Zombie Makeup Tutorial

Do you want to make professional-quality zombie makeup? Do you want your zombie to look like it has just climbed out of a grave? Make your zombie costume look like it walked straight out of a horror movie by incorporating homemade prosthetics in your makeup. Prosthetic wounds add dimension and an element of horror, which is a must have for any shambling corpse. They can also be prepared ahead of time and then stored for fast and easy application.

In this tutorial, we will demonstrate step-by-step how to make silicone prosthetics quickly, easily and without the use of a mold. These prosthetics can be prepared ahead of time, so the application is fast and easy on the day of the event.

For this tutorial, we will be using these Smooth-On products:

You will also need a few other supplies, such as:

  • Mixing Cups
  • Mixing Sticks
  • Makeup Brushes
  • Pencil
  • Scissors
  • Melamine Coated Baseboard (Available at Hardware Stores)
Silicone products will bond with most porous surfaces, so be sure to clear a workspace for your project. Factors such as heat and humidity can also affect the working time – or pot life – of silicone, so for best results, it is best to work at room temperature.


Also, for this tutorial, we will not be using exact measurements. Exactly how much product you use depends on the overall look you want to achieve. Instead we will use general sizing terms such as “very small” or “small”. Above is a visual of how these batches should look. Got all your supplies ready to go? Let’s get started!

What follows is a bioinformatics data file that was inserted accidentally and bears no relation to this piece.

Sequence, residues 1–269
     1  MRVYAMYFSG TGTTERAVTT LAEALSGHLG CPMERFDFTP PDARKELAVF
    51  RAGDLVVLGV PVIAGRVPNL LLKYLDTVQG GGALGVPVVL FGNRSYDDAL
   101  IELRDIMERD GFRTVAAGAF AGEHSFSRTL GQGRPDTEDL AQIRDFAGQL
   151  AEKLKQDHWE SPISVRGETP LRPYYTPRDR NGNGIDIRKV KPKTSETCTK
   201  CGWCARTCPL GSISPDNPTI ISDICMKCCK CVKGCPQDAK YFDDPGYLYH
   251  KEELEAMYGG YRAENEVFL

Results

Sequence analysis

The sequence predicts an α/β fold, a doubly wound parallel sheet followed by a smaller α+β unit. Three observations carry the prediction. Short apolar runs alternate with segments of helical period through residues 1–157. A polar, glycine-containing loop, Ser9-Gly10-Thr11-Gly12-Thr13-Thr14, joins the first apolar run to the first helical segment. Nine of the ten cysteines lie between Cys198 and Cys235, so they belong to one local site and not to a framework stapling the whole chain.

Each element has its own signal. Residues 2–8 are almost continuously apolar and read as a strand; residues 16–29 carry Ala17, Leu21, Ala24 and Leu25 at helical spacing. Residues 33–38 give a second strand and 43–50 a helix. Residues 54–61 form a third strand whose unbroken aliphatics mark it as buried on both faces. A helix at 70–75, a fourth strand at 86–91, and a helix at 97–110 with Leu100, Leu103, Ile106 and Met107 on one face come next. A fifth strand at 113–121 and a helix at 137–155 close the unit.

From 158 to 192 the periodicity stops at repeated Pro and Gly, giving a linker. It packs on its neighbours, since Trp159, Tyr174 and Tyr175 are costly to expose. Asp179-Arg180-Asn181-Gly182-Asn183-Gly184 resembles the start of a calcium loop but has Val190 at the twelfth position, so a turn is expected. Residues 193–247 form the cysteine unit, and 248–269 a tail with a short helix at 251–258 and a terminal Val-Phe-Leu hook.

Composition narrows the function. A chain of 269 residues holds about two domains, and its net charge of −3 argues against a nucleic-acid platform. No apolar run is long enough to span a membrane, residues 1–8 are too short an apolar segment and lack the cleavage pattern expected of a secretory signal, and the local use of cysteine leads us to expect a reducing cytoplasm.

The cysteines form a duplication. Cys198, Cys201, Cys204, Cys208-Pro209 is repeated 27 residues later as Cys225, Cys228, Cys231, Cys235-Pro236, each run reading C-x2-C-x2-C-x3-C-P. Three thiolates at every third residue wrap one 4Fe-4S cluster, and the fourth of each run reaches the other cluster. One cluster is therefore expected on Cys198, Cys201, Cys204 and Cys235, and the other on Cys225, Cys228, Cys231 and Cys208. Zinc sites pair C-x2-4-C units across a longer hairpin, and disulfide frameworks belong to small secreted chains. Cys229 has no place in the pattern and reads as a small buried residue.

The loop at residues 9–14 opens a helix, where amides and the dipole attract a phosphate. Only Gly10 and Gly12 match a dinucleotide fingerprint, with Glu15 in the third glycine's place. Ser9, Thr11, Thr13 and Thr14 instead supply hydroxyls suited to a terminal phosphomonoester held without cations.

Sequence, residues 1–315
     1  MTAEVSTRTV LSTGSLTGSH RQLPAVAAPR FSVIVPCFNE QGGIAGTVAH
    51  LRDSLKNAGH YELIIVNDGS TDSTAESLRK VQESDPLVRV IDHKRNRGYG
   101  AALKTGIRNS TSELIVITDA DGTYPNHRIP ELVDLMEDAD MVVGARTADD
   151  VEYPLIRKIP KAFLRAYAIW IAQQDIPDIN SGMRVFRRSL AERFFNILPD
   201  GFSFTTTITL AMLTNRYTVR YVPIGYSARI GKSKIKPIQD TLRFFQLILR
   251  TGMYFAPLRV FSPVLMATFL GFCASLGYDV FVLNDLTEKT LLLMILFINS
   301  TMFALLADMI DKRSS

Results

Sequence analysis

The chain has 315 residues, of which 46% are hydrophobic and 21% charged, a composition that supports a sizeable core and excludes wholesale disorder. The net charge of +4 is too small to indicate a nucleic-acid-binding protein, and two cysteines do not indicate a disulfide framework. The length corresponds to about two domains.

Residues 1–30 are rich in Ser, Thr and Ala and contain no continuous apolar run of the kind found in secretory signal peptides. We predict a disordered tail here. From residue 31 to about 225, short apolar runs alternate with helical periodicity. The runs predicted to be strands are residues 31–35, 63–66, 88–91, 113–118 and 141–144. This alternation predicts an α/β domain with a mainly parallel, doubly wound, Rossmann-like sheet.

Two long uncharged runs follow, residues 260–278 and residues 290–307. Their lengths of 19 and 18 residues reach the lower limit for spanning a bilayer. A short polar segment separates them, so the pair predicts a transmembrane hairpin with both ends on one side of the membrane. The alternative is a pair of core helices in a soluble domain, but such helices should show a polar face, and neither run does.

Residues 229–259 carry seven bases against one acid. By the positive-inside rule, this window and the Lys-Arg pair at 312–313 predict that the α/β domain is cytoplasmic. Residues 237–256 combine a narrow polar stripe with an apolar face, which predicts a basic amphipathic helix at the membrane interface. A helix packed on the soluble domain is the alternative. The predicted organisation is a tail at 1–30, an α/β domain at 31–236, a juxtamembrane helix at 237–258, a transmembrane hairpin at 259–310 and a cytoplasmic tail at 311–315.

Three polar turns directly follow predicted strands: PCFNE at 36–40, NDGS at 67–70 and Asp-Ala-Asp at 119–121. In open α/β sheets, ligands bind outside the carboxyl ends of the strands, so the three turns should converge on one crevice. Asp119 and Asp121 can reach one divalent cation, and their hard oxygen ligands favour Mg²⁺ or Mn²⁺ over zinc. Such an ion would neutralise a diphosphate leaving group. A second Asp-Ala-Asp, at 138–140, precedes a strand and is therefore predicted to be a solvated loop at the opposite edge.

1. Prepare the Melamine



The melamine will be used as a working and drying surface for our Smooth-On Dragon Skin FX-Pro. The surface is non-porous, so the prosthetics can be easily peeled off once the silicone is fully set. Use a pencil to roughly map out the shape of the zombie wounds you would like to make. These will just be a guideline, so they don’t need to be perfect. Organic shapes will look natural once applied to the model. You should also keep in mind where the wounds will be placed on the skin – it helps to have an idea of the approximate size and shape that is needed to fit the model.


2. Measure and Mix Dragon Skin FX-Pro

Once the melamine is prepared and ready to go, it’s time to mix the Smooth-On silicone. Dragon Skin FX-Pro will come in two containers labeled “Part A” and “Part B”. Dragon Skin FX-Pro is mixed 1A:1B by volume. Use two identical containers, such as these plastic cups, to measure out equal parts of A and B. Mix enough for a large batch, as this silicone will be used to sculpt the prosthetics. Use a stir stick to add a couple drops amount of flesh tone pigment to part B of the silicone and mix it thoroughly. This will provide a base color to work on when blending the product into the skin.